“What’s going to happen when we have children and we’re coming to Lebanon?” Laith wondered. “What will that interaction at the border be like? I think about that at least once a week.”

Same-sex marriage, even if it is conducted abroad, adds another layer to the convoluted personal status laws that already dictate marriage, divorce, inheritance and custody in Lebanon.

Youmna Makhlouf, a lawyer who is currently writing her PhD thesis on the individual in Lebanese law at the Panthéon-Assas University in Paris, said whether the child of a same-sex union is considered Lebanese by authorities depends on the biological parentage.

Any children of a same-sex couple, whether biological or adopted, would be registered as illegitimate, said Makhlouf, because gay marriage is considered “contrary to public order” and would therefore not be recognized.

This would affect the child’s ability to inherit, although she added that an adopted child would likely not be granted citizenship in any case.

Ironically, she added, same-sex marriage grants the children of lesbian couples the rights denied to children of Lebanese women married to foreign men. Because the marriage is not recognized, the child of a Lebanese woman in a same-sex marriage is considered illegitimate, and is therefore eligible for citizenship. The biological child of a Lebanese father would automatically receive citizenship as well.

“The problem in Lebanon is that you have an open society but we do not push for different kinds of lifestyles,” including living together as unmarried heterosexual couples, she said. “We are based as a society in religious marriage. ... We don’t push for the freedom of choice.”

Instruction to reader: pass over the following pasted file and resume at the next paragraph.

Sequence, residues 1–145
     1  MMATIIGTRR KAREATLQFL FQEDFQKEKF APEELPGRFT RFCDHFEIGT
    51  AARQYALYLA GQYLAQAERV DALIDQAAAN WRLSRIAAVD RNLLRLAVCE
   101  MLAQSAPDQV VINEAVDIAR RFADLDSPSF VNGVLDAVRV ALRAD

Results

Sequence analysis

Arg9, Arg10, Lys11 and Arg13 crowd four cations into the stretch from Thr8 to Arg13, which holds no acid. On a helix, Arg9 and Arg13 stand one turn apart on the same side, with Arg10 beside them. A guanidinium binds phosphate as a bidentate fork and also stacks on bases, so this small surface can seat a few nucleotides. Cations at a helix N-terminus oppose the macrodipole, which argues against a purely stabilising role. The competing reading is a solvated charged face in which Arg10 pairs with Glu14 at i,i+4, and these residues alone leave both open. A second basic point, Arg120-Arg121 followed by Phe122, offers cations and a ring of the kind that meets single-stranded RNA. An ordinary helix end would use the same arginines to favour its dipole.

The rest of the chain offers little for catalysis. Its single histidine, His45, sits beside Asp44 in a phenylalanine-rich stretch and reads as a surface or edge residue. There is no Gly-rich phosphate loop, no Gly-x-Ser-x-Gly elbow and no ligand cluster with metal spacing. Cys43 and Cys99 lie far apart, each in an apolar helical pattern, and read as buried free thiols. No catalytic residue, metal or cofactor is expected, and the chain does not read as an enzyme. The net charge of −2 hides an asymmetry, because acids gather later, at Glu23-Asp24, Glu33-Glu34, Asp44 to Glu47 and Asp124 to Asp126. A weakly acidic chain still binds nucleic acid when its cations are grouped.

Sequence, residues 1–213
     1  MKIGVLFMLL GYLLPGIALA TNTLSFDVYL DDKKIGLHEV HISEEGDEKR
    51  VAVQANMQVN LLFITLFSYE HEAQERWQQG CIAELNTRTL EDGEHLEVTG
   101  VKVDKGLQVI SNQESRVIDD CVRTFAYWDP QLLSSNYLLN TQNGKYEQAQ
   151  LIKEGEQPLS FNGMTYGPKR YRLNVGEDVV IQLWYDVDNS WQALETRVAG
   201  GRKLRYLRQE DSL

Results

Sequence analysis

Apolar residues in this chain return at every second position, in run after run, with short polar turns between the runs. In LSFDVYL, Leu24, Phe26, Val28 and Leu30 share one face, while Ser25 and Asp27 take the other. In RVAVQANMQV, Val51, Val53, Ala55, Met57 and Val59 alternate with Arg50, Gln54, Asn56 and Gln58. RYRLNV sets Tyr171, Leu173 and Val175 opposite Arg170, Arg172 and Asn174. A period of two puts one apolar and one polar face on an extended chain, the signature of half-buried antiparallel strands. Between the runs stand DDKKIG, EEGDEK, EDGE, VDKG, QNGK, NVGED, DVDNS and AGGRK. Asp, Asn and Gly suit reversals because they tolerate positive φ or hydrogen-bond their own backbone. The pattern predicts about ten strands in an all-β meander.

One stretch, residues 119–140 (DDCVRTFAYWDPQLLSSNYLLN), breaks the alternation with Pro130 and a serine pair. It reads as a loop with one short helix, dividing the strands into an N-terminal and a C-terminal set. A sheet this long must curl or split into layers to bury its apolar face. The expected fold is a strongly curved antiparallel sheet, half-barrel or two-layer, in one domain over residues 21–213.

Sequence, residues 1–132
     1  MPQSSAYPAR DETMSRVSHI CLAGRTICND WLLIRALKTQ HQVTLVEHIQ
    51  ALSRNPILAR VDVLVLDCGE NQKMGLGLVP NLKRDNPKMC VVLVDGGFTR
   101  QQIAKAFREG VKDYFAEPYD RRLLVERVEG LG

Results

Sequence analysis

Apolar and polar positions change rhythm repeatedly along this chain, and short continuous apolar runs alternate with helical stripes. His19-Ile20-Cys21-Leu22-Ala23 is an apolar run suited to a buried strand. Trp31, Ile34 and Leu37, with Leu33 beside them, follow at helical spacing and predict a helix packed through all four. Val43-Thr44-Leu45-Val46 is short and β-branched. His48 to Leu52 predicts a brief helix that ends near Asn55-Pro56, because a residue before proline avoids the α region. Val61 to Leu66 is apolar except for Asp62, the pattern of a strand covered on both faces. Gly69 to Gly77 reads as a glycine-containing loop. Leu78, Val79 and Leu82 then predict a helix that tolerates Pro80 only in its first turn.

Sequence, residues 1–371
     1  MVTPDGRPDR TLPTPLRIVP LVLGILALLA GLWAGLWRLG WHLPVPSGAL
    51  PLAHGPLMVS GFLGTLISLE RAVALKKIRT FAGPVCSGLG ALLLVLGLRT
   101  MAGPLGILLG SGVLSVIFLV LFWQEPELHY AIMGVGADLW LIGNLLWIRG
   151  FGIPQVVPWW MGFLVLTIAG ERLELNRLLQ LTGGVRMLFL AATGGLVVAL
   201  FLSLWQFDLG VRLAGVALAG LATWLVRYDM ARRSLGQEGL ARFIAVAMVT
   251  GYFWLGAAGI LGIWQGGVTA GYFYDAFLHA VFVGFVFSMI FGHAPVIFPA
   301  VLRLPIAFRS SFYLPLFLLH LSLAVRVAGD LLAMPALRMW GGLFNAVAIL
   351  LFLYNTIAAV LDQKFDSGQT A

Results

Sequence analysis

“The fight for the freedom to have any kind of hetero relationship and the fight for recognition of homosexuality is the same fight; it’s the freedom to live how we want.”

Makhlouf went on to say that the solution was not just recognizing other types of marriages, but other types of relationships, pointing to examples of European countries where couples are granted rights based on cohabitation, not marriage.

Likewise, she said, children born to unmarried couples, like same-sex couples, were branded “illegitimate” in the eyes of the courts and could not inherit as much as legitimate children.

While some U.S.-based gay rights organizations have voiced concern for same-sex couples applying for fiance or marriage visas from countries where homosexuality is illegal, Makhlouf thought it unlikely that the authorities would probe the immigration processes of foreign countries. She added, however, that the foreign partners of Lebanese citizens could be denied residency in Lebanon if General Security discovers evidence of a same-sex relationship during the course of its investigation.

Makhlouf predicted the Lebanese state would not change any of its policies due to external pressure from its allies, although it might make special exceptions for the same-sex spouses of foreign diplomats.

“We are not seeing that the Lebanese legal system is changing because of relationships with friendly countries,” she said.

“Nor do we see that foreign countries are really pushing for the Lebanese to recognize individual rights in personal status legislation.”

 
A version of this article appeared in the print edition of The Daily Star on August 23, 2013, on page 4.